“Mix it up” was a new option this year, and a good idea, I think – a lot of people selected several well-known pronouns as they did last year, but were able to add this very practical detail to their responses.

Here’s a summary:

  • 13 pronouns were offered in the survey.
  • 33 pronouns were typed into the “other” box more than once.
  • 90 pronouns were typed into the “other” box only once.
  • That’s 123 pronouns total.
  • People chose on average 2 acceptable pronouns each.
  • Most people (44%) chose only one pronoun.
  • About 3 in 4 people were happy with only 1 or 2 pronouns.

Last year I had to add a couple of pronouns because they got over 1% in the “other” text box, but this year only offered pronoun options went over 1%. I was surprised to see the relatively new xe/xem pronoun get more than the well-established zie/hir and Spivak options.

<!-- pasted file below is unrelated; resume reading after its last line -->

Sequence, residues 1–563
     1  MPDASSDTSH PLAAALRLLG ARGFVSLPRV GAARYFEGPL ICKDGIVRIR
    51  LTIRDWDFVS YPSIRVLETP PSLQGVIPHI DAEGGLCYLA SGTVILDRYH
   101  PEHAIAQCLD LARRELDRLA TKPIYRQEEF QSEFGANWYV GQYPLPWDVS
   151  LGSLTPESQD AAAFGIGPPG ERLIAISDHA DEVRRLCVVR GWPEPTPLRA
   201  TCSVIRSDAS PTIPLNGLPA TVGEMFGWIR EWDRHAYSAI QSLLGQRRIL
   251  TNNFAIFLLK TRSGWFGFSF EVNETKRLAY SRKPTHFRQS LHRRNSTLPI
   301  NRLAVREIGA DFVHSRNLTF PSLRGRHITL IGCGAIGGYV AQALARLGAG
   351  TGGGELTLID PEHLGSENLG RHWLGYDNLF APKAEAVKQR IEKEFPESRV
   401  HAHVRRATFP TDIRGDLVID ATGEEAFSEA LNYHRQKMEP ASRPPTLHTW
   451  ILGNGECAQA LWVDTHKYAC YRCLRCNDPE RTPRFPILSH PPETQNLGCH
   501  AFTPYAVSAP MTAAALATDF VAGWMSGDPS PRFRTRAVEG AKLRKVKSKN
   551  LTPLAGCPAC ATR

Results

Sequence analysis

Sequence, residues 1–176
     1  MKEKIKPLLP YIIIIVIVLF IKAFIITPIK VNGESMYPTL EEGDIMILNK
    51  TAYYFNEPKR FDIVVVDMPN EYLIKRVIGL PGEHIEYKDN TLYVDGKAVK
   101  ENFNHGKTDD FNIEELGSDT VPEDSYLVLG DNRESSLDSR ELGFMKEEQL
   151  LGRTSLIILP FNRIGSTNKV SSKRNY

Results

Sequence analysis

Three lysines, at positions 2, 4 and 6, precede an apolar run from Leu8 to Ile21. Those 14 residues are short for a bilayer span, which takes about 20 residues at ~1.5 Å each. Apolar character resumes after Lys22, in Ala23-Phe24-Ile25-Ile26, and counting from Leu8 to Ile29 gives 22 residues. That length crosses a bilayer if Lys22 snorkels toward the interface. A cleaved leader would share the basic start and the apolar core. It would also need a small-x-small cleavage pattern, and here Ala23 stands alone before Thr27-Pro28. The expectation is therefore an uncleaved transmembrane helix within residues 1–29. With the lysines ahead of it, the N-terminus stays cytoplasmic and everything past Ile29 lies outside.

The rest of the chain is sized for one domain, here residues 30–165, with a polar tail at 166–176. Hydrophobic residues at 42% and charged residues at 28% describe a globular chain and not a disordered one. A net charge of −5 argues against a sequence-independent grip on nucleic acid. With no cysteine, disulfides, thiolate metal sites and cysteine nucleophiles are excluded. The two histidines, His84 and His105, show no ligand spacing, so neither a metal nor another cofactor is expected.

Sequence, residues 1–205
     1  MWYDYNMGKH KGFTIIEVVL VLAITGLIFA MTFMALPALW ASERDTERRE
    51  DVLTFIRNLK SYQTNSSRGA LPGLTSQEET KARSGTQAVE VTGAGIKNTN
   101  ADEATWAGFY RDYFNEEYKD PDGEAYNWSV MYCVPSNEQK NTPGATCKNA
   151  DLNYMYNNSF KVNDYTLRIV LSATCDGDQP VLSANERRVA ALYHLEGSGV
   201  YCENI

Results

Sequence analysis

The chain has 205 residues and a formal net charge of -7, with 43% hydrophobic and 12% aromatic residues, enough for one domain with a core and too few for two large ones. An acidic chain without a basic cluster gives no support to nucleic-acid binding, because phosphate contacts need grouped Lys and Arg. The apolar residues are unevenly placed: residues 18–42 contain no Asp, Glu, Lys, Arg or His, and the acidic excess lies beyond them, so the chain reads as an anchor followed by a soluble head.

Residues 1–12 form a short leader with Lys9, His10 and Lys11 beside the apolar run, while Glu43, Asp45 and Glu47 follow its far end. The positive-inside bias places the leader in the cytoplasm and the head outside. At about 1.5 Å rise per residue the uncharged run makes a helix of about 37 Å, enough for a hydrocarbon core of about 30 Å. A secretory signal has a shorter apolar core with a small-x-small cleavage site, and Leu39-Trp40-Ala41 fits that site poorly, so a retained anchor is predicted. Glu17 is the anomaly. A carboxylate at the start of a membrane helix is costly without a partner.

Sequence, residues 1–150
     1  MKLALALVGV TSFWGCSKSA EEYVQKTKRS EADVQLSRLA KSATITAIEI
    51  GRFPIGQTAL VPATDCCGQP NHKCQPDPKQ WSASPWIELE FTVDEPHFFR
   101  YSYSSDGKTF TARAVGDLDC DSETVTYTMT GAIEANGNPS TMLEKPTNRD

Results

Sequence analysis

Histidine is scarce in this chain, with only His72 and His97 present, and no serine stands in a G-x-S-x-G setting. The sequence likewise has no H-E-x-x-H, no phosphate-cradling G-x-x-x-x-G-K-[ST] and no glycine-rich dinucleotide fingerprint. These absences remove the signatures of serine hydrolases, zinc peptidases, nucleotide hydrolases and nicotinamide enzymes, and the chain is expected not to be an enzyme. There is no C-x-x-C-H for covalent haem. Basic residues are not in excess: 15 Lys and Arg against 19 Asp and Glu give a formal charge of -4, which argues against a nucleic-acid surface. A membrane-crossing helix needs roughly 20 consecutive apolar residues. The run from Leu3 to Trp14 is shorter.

As with last year, he/him and she/her were approximately equal and more acceptable than anything but singular they/them. Some people expressed comfort with a gendered pronoun because it was incongruent with their gender assigned at birth and therefore caused less dysphoria, and some were happy to stick with the familiar pronouns people assume based on birth assignment. Many people chose both he/him and she/her. It demonstrates that one cannot judge gender assigned at birth based on gendered pronouns, and that a comfort with or preference for gendered pronouns doesn’t indicate that one is binary.

The questions I ask
  • What should the third gender option on forms be called? – Still no consensus in that area. Even the most popular word (nonbinary) doesn’t work for around 2 in 5 of us, which is significant.
  • Is there a standard neutral title yet? – Not yet. Mx is looking very promising, and is consistently far more popular than all other titles, but just as many nonbinary people want no title at all. It’s really important that activists campaigning for greater acceptance of gender diversity remember to fight for titles to be optional, too.
  • Is there a pronoun that every nonbinary person is happy with? – As with last year, still no. The closest we have to a standard is singular they, and so I will use the data to campaign for journalists and anyone else with a style guide to allow it. But around 1 in 4 (23%) of us are not happy with singular they.